Points candidates might cover include discussion of domestic violence, official statistics, child abuse and the abuse of the elderly, female infanticide, bride burning and the work of such thinkers as Wilkinson.

L 3 13–18 Answers at this level will show good sociological knowledge and understanding. The material used will be interpreted accurately and applied effectively to answering the question. There is no requirement for assessment at this level although it may be present. Answers should include some accurate use of sociological theory, studies or concepts.

Lower in the level (13–15 marks), a range of relevant knowledge, with appropriate use of concepts and/or theory. The points covered may lack development or specific focus on the question in places, but are likely to go further than just discussing violence within the family.

Higher in the band (16–18 marks), answers will use a wider range of knowledge, supported by the use of concepts or theory, where relevant, and include some well-developed points which are likely to expand ‘damaging’ beyond domestic abuse to women.

L 4 19–25 Answers at this level must achieve three things:–

First, there will be good sociological knowledge and understanding.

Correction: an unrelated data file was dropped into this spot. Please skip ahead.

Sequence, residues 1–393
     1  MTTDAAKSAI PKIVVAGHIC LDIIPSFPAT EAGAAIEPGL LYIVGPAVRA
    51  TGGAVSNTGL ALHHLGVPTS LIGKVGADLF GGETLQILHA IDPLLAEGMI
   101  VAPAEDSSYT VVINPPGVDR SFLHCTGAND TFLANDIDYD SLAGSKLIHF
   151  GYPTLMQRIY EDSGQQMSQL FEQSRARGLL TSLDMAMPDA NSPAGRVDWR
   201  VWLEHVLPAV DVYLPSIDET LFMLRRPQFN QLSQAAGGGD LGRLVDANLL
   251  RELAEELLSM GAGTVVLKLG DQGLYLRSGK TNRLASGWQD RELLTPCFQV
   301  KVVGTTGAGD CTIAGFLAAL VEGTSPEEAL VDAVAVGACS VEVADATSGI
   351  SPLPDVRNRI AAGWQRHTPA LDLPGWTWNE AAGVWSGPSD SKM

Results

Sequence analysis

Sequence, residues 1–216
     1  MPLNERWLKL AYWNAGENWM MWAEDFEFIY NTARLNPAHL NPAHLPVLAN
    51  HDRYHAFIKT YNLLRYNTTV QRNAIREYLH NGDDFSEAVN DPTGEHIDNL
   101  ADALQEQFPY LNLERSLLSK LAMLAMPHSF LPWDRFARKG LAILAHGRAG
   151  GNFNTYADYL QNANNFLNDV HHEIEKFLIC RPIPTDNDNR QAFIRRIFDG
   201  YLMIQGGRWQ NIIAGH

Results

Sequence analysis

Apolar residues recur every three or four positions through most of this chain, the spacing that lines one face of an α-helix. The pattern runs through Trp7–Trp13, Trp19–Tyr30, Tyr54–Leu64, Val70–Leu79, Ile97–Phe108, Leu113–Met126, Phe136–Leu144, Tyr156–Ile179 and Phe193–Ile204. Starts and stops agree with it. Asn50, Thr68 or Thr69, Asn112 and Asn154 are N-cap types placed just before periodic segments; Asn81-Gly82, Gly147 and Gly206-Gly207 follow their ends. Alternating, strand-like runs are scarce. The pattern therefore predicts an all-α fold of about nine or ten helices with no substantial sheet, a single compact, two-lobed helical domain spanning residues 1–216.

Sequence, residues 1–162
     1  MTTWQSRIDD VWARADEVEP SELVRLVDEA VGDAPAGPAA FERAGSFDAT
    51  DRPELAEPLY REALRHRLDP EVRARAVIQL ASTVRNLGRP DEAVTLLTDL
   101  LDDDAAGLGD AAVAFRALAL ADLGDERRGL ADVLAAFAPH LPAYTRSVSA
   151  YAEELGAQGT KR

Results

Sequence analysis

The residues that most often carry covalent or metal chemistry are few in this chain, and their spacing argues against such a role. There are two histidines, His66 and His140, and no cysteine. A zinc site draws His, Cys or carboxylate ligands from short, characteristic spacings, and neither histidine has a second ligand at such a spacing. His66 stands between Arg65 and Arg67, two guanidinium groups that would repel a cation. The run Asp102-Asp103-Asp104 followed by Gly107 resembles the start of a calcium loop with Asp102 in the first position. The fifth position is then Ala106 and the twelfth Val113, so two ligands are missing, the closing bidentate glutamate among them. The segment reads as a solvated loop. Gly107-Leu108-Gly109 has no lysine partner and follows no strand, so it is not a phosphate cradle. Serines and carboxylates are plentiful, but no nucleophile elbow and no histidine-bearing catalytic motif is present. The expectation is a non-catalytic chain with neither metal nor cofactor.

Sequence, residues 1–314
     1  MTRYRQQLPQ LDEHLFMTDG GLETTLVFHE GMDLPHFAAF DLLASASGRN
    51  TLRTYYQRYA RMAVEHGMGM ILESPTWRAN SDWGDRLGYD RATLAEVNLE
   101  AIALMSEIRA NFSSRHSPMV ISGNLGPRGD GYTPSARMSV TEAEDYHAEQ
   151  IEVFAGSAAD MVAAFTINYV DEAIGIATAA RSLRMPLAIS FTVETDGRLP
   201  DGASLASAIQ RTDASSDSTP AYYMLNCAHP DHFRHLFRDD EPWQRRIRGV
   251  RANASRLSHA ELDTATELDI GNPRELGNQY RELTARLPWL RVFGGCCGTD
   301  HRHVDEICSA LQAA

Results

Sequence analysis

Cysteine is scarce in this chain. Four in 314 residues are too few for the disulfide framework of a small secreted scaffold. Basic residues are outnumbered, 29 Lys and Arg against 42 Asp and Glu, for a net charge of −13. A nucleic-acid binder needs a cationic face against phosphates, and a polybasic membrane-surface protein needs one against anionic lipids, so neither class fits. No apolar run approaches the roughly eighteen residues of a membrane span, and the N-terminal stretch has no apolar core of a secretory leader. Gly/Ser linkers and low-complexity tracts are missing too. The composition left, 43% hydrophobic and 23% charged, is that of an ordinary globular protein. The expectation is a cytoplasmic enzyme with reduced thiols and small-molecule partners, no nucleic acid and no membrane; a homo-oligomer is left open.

Second, the material used will be interpreted accurately and applied effectively to answering the question.

Third, there must also be some evidence of assessment.

Answers in this level provide a solid account of the possible negative effects of family life and are likely to discuss a variety of cultural settings. There will also be a sustained and well informed assessment of the view in the question.

Lower in the level (19–21 marks), the assessment may be largely delivered through juxtaposition of contrasting arguments and theories. Alternatively, the assessment may be limited to just one or two evaluative points that are explicitly stated.

Higher in the level (22–25 marks), there will be sustained assessment and the points offered will be explicit and well-directed towards the question. There is likely to be a well-formulated conclusion.

3 Explain and assess the view that social class is the most significant factor determining whether there is gender equality in the family. [25]

L 1 0–6 Answers at this level are likely to be assertive and focus on a few common sense observations about the impact of social class and are unlikely to contain accurate sociological support or reference to the question. In this level answers focus just on social class or gender.

Lower in the level, answers may be confined to one or two simple points based on assertion/common sense understanding. For example, one or two simple points stating class will determine how a family lives may gain up to 3 marks.

Higher in the level, there may be a wider range of simple points. For example, an answer stating that class will influence what happens to individuals in families because richer families can afford private education may gain up to 6 marks. Other answers may focus on the significance of gender and ignore social class.